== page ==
marycatellimarycatelli on January 4th, 2014 10:17 pm (UTC)
Basically it's 1984 with bunnies. Yeah, adult.
Sherwood Smithsartorias on January 4th, 2014 10:42 pm (UTC)
Whoa, I do not see that at all. (Though admittedly, just a tad past halfway.)
Ellen Fremedon: illuminationellen_fremedon on January 4th, 2014 11:18 pm (UTC)
I don't see a lot of 1984 in it beyond the obvious ways that all depictions of surveillance states, Efrafa included, are similar.

But admittedly I have found it hard to see other influences in Watership Down since realizing it's a startlingly faithful episode-by-episode retelling of the Aeneid.
Sherwood Smithsartorias on January 5th, 2014 01:30 am (UTC)
A quest fantasy, definitely But that had never occurred to me. I still don't see it--I guess because I can't figure out who the Dido figure could be.
jodel_from_aoljodel_from_aol on January 5th, 2014 05:11 am (UTC)
If you're only half-way you may not have met her yet.
Sherwood Smithsartorias on January 5th, 2014 09:25 am (UTC)
Cool!
Kalimac: puzzlekalimac on January 5th, 2014 03:49 am (UTC)
Not only hd public libraries shelve The Lord of the Rings in the children's section, I guess because it was a sequel to The Hobbit, but some of them also shelved The Silmarillion there, apparently because Tolkien had been established as a children's author by then. There was this huge fuss when Judy Blume published an adult novel, but a lot less when J.K. Rowling did ... I guess we've advanced a bit beyond that particular kind of pigeon-holeing.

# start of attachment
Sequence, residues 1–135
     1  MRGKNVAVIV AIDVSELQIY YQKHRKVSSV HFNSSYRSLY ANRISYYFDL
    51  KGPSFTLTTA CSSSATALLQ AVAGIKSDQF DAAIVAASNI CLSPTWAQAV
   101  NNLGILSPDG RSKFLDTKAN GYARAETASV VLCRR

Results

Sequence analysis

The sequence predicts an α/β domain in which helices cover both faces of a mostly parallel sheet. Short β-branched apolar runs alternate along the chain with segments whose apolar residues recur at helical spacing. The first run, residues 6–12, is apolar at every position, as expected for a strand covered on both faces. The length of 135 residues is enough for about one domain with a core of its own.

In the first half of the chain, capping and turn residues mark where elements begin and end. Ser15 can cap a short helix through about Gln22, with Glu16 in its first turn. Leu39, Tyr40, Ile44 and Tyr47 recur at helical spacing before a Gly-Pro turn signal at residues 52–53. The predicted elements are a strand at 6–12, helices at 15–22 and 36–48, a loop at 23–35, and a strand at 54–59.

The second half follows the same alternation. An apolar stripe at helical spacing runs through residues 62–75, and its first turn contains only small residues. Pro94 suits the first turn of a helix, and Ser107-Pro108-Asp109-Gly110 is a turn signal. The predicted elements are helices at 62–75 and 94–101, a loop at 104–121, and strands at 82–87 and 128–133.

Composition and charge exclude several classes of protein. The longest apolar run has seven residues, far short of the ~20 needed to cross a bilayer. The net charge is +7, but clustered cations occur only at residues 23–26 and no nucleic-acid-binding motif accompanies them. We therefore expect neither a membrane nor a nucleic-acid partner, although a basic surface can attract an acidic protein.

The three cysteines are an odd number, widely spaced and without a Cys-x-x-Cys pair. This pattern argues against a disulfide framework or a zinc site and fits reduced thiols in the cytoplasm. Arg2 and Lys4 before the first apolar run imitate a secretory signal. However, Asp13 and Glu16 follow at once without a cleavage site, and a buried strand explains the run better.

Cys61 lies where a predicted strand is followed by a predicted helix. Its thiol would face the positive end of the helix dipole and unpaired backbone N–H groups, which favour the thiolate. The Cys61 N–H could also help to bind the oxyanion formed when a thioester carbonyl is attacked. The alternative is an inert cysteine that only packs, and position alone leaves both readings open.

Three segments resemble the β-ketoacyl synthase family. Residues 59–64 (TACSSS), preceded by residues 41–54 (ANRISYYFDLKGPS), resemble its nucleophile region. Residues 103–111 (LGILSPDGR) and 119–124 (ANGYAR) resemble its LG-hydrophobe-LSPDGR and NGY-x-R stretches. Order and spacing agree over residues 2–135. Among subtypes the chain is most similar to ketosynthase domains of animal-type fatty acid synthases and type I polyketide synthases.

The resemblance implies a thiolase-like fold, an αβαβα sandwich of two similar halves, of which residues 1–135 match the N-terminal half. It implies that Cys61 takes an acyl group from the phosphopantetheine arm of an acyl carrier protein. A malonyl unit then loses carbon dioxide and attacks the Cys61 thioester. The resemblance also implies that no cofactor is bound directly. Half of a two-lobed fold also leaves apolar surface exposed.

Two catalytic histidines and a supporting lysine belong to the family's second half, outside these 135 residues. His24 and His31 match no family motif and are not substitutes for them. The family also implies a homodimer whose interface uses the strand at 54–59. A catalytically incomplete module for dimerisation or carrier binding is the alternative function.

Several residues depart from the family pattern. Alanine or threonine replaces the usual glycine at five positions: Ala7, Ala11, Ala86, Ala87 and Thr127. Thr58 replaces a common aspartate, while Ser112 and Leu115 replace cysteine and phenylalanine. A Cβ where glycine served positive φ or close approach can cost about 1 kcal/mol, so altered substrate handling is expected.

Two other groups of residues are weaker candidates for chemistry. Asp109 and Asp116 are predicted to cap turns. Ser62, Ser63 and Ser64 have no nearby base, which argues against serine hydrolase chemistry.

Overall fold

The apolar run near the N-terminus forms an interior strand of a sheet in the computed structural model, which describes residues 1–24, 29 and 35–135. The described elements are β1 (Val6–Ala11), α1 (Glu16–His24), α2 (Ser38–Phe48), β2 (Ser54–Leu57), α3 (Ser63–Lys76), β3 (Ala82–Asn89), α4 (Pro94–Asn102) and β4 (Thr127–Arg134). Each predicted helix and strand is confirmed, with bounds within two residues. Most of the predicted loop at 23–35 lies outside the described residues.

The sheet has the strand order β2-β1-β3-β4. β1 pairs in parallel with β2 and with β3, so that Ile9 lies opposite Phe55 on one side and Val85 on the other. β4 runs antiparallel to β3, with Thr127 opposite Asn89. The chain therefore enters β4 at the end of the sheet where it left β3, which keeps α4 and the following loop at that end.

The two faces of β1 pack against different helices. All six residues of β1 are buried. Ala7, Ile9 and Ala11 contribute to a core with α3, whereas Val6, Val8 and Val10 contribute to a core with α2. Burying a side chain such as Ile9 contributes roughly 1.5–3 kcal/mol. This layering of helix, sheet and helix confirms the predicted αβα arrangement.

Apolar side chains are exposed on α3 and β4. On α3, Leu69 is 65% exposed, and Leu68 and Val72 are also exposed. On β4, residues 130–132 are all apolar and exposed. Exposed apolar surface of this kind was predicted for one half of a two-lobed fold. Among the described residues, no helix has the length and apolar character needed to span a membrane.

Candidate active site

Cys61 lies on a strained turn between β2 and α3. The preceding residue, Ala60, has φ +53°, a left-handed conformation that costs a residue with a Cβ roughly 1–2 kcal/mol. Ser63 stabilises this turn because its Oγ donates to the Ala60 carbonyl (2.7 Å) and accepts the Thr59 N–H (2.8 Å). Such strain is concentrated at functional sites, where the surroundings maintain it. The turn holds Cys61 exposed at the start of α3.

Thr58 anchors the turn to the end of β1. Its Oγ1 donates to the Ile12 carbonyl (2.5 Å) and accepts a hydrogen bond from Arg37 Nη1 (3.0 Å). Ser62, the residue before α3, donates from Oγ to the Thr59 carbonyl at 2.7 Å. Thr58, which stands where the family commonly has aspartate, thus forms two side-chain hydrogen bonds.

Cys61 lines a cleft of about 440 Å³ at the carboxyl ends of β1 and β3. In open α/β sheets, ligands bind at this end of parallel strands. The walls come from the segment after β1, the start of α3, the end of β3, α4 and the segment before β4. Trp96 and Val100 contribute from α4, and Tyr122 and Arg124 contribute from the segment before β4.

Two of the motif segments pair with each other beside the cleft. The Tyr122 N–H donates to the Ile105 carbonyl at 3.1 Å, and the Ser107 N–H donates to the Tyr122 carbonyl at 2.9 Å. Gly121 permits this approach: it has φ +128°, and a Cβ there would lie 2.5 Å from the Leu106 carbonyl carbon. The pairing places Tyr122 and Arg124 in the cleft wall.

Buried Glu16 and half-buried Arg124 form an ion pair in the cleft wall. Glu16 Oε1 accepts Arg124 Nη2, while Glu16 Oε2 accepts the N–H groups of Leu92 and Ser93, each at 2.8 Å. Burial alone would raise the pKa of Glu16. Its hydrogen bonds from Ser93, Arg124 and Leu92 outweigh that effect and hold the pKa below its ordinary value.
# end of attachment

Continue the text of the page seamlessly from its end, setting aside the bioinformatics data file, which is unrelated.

Sherwood Smithsartorias on January 5th, 2014 03:51 am (UTC)
Certainly not since YA has gone so huge (and the lid has pretty much come off adult content.)
marycatellimarycatelli on January 5th, 2014 04:21 am (UTC)
It was fantasy. Fantasy was for kids.

It's difficult to understate how much has changed in the fantasy field since about the 1970s, when it really became a marketable genre. I mean, Andre Norton's first Witch World book came out with a SFnal blurb.

Here's a good essay on it:
http://bondwine.com/2007/01/19/1977-from-zeuss-brow/
serialbabbler on January 4th, 2014 04:16 pm (UTC)
The cartoon version of Watership Down has fantastic animation if you've never seen it. (They did alter the plot somewhat, but it's also pretty faithful to the novel. Of course, a lot of people who first watched it as children found it a tad... disturbing.)
Sherwood Smithsartorias on January 4th, 2014 04:25 pm (UTC)